The weather was very windy and even some scattered downpours, but when the sun was shining, I felt like I was in a Nautica commercial. Bronzed bodies casually lying across the deck of a sail boat? We made this stuff look good. And believe it or not, I’m actually tanned now. Everyone here gets the program. But SPF 30 sunscreen on every 1.5-2 hours and you will be bronzed. Wait a half hour too long and it’s to the cancer ward with you.

The highlight of the trip had to be when the captain went fishing off the back of the boat at dusk for sharks. He used a fish head and a mini glow stick. The combination both got the blood into the water and attracted small fish with the light. This process can sometimes take all night, but within a frighteningly short 7 minutes, the fishing pole bent in a completely flexed “N” shape. Like some scene out of Jaws, the real squealed as the unknown creature swam away with the bait. The sun was setting in all its beauty as our fearless captain had to put the brakes on because his real was running out of fishing line.

I was chanting “shark for dinner, shark for dinner” as the captain said “this has to be the biggest shark I’ve ever caught in this area.” I was crossing my fingers for a tiger shark, as I had never seen one in person. I wanted to see a monster. Never mind the snorkeling tomorrow, I wanted to see a man eater.

The best part about the set up was when the shark got close to the surface, you could see the glow stick approaching the surface as well. The glow stick was still about 20 feet ahead of the hook and every time the glow stick reached the surface, the shark pulled harder and harder down to the bottom of the sea. The battle went on for about 30 minutes or so and the passengers on the boat were electric. We couldn’t wait any longer until there it was.

A 6 foot albino hammerhead shark; it was beautiful. As pale a white as you can imagine with some pink hue near its eyes. This must not be eaten at all. As it was swimming along the surface, we all snapped as many pictures as we could in the low light. The cameras of course didn’t capture the essence of the situation though. Maybe it wasn’t meant to be shared.

Before we could get the hook out of its mouth, the shark dove under the boat, severing the line in the process. We were all high on adrenaline for the next hour or so after that. It was my first proper shark fishing occasion and it was absolutely stunning.

Next I am taking a bus up to Townsville where I will catch a ferry to Magnetic Island. There I will get my open water Scuba Certification after a 3 day dive course. After that I plan on flying to the center of the country to experience the true outback. Wish me luck!!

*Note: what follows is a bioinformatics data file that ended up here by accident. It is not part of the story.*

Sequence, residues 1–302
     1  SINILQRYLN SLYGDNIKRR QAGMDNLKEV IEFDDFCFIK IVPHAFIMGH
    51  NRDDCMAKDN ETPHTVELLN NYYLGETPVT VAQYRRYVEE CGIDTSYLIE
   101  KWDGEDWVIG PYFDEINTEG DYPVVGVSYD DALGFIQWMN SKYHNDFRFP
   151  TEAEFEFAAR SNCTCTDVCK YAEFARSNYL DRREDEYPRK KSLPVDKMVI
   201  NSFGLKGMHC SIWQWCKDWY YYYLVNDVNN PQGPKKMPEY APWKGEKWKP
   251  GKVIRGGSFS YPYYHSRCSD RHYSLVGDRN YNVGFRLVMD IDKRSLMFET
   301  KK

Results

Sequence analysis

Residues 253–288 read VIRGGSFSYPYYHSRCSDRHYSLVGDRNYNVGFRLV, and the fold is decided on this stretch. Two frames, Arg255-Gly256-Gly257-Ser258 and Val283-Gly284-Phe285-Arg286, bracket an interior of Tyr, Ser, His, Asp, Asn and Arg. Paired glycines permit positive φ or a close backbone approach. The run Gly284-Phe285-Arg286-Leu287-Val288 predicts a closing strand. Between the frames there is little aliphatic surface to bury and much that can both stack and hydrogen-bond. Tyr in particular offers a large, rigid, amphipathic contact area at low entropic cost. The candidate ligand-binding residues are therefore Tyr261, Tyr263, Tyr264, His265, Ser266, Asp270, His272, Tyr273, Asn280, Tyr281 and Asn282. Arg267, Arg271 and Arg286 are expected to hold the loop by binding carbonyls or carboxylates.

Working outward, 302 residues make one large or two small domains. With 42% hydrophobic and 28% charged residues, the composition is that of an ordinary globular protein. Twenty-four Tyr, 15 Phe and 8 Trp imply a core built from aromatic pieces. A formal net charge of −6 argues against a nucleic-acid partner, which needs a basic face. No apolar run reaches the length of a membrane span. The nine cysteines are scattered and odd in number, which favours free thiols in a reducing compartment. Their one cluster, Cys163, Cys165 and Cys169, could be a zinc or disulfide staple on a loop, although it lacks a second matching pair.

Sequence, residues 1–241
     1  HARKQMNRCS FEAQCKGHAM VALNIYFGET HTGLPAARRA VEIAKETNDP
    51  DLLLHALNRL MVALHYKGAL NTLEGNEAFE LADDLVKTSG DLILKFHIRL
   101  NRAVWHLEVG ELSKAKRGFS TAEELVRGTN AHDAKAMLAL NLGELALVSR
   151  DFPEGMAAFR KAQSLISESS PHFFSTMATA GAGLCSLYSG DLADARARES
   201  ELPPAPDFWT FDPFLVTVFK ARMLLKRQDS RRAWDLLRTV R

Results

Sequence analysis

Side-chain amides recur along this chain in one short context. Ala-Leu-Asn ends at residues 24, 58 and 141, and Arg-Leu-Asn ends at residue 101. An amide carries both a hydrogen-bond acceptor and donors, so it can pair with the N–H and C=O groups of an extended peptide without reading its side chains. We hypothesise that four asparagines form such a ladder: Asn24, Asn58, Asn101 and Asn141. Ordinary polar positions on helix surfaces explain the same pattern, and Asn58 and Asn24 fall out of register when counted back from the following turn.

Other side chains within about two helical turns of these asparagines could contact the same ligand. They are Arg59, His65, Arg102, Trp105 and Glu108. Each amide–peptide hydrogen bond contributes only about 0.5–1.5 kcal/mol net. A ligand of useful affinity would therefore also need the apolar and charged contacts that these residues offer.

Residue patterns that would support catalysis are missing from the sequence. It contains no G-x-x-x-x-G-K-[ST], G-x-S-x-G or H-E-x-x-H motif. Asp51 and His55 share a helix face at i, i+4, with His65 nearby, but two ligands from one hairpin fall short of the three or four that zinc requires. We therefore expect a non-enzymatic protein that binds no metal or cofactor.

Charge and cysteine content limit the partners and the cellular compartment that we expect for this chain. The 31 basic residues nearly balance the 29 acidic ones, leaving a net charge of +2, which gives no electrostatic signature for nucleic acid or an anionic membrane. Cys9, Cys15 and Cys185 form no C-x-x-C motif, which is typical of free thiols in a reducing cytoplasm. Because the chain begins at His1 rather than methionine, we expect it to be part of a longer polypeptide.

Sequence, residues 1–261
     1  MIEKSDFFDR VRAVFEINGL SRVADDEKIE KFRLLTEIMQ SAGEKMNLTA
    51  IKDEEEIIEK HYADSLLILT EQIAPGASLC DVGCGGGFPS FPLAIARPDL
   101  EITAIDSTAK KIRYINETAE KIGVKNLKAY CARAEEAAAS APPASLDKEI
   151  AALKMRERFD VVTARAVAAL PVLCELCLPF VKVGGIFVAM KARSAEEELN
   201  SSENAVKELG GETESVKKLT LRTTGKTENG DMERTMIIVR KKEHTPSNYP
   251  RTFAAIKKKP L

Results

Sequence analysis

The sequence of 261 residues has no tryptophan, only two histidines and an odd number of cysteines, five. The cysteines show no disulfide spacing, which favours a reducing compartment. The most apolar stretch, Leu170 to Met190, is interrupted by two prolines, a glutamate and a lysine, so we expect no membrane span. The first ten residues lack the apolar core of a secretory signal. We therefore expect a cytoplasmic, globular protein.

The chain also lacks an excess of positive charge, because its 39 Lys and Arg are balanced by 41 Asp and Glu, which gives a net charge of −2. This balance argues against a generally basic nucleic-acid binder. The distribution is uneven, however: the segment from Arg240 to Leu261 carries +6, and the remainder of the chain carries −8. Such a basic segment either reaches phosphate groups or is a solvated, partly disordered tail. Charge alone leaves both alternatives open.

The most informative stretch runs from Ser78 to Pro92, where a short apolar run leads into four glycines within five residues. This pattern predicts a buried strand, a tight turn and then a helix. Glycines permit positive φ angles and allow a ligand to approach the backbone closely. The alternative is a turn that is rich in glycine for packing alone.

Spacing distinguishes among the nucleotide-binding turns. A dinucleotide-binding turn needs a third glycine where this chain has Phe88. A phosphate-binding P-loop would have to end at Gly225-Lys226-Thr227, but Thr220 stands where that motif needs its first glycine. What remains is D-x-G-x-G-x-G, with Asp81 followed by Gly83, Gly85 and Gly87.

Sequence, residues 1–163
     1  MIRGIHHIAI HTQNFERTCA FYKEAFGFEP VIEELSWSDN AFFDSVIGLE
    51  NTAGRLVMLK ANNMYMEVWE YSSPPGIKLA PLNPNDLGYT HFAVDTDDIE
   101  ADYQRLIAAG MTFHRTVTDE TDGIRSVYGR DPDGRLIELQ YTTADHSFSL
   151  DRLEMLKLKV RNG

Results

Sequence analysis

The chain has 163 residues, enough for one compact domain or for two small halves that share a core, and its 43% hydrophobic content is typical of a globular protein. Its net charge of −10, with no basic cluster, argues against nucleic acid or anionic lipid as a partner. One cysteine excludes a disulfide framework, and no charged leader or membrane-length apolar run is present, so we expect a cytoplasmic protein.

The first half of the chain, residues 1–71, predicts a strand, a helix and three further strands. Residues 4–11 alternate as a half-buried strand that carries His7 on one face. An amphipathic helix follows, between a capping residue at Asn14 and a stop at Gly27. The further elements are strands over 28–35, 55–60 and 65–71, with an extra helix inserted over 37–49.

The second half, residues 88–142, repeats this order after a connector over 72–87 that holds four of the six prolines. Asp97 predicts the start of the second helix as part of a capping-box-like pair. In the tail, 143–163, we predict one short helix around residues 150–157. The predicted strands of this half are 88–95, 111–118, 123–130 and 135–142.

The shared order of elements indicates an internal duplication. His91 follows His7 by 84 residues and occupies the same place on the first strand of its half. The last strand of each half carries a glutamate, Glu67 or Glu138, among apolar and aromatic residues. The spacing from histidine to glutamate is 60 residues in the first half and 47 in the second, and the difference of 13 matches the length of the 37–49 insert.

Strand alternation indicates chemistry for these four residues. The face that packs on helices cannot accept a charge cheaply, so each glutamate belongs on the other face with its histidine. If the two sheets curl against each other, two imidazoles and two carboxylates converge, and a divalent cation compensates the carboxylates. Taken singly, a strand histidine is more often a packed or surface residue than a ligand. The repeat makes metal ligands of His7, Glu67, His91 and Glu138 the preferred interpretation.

Cool Bananas (Agnes Waters/1770)

Every country needs a best hostel and in Australia, it’s Cool Bananas. Started 6 years ago by an Australian hostel pioneer, Greg (the owner and manager of Cool Bananas who only refers to himself as the manager) has capacity for 80 backpackers but chooses to keep his capacity down to no more than 50 or 60. He likes knowing everyone who is staying at his hostel by face and first name. Agnes Waters/1770 used to be an Australian secret. Only 6 years ago, there was no paved road into the town and only 5 years ago Greg got a call from the CEO of Greyhound Australia “Is this Greg of Cool Bananas? I love fishing in your town, I’m going to make it one of the stops for the Grey Hound. Tell the rest of the people in town. I’m putting you guys on the map.” And that was the birth of the Agnes Waters/ 1770 tourist industry.

More about Greg, who used to work at the Hilton in Byron Bay in the 80s and decided to start to convert motels into hostels when an experimental community room of 4 bunk beds ended up remaining full for an entire summer. “There was no manual for how to make and run a hostel back then. We just had to ask people what they wanted and if it was within reason, we would give it to them.” “We also did some traveling ourselves and knew what were the most important parts of our stay in other hostels.”

Greg is a machine that goes all night. From midnight when he is telling his guests to take the party to the beach, to 4 am when he is patrolling the halls of his property to make sure everyone is safe. This man works all through the day and night with a knack for cleanliness and a sensible taste of friendly banter. Every element of his hostel reflects his dream and you can tell that you are walking in the halls of his dream.

He also has cooks who make a 5 dollar meal every breakfast and dinner. These meals are made from scratch by either an Australian cook or a French cook and the food that comes out is amazing.

But enough about some weird hostel, what about the town? Well there really isn’t much to it, but the main attraction is something called a “scooteroo” which is essentially a single gear mini motorcycle. They are really easy to operate and go just fast enough to give you a bit of a thrill on the open road (60 miles per hour). At first I was cautious about maxing out this mini hog but eventually I found myself understanding why bikers do what they do. We just toured the town on back roads and the coast line. The fee was $50 AUD which seemed a little steep for two hours of riding, but it was worth it.

Yes of course we had helmets and yes people did fall off of their bikes. But here is the difference between me and the rest: I rode that hog like I still had the world to see in the next year. I let other bikers pass me. I left a ton of space between me and the next guy, and I didn’t pass people on blind curves (you wouldn’t believe how stupid some of my fellow backpackers are.) It was a great time.